If you’re here, you probably know a little about me. If not, have some bullet points.
• I used to be an editor at a publishing house, a job that’s both more and less fun than it sounds.
• I’ve written romance, and mystery/romances, and a sort of women’s fiction novel that’s like a romance except that the couple in it is already married.
• I’ve written other things, too, some of it as a ghostwriter.
• Put it all together and I’ve been working in publishing, with books, for a pretty long time now.
Now, thanks to the lovely people at HarperTeen and my wonderful agent, I’m going to be writing something completely different – young adult fiction. It was my first love – my first novel was a young adult novel, and while it will live forever in a box under my bed, it’s still one of my favorite books I’ve written.
It didn’t have a zombie, though. The new book will.
But that’s a long way down the road! For now, I’m still writing it (and you’ll hear more about that as I
For now, I’ll start with a book, and I’m even cheating a little, because it’s the first one I finished this year, but I started it in December. (Some things I can never do right.)
The book in question? Ink Exchange, by Melissa Marr, the second in her faery series.
I love these books. They’re exactly my kind of fantasy – set in our world, with another one overlapping (and perfectly described here). And the characters sound real to me, even the faery ones – everyone in these books has genuine feelings and motivations. Here, it’s Leslie, who’s dealing with the very personal consequences of a brother addicted to drugs. Irial, who has responsibilities beyond simply taking what he wants for himself. Niall, who knows his own dark side (and Irial’s) a little too well for his own comfort. It’s another complicated triangle, and I believed every minute of it.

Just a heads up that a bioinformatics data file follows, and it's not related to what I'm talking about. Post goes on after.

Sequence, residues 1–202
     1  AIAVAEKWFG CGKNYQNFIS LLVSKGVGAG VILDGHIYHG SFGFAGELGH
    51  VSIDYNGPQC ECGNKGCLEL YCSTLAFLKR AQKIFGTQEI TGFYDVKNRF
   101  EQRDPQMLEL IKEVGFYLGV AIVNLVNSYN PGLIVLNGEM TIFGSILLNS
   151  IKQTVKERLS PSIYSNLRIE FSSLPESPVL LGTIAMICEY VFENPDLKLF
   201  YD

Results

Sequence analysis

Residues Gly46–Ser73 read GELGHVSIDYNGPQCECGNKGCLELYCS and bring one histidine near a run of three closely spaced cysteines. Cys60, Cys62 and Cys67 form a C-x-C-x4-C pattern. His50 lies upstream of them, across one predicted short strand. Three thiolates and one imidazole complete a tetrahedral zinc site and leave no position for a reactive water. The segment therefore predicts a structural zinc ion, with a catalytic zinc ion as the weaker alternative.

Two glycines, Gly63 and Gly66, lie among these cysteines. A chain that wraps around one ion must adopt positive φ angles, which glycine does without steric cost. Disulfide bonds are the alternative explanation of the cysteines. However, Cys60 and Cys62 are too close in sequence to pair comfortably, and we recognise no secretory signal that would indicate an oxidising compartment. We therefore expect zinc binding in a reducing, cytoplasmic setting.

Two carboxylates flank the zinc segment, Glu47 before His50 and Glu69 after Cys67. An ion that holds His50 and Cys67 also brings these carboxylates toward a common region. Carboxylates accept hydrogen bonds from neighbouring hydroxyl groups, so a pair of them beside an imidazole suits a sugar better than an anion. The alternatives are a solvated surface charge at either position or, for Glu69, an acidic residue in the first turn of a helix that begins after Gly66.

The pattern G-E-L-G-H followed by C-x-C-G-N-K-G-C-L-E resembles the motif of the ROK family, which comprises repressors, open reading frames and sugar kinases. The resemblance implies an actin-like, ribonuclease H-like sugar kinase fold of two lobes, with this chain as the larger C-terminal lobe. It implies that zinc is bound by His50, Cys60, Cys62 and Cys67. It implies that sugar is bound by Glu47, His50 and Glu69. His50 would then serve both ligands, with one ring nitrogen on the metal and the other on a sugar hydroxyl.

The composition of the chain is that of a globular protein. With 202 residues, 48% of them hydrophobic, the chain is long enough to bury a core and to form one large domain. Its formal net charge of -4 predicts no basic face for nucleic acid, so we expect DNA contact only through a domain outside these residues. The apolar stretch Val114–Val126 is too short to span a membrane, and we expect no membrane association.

What I like best about these books is that the characters, especially the faeries, don’t flinch from what they are – good and bad, light and dark. And Marr doesn’t flinch from allowing her characters to explore and feel everything that her readers might be, including sex, drugs, drinking, betrayal, violence, grief.
Here, I think the most compelling thing was that Leslie, with all her horribly valid reasons for wanting to shield herself from pain and fear, figured out how terrifying it can be to feel nothing but pleasure, and how it’s not actually that great to break off pieces of yourself (metaphorically speaking) that hurt.
I’m reserving Fragile Eternity – as soon as I pay my library fine.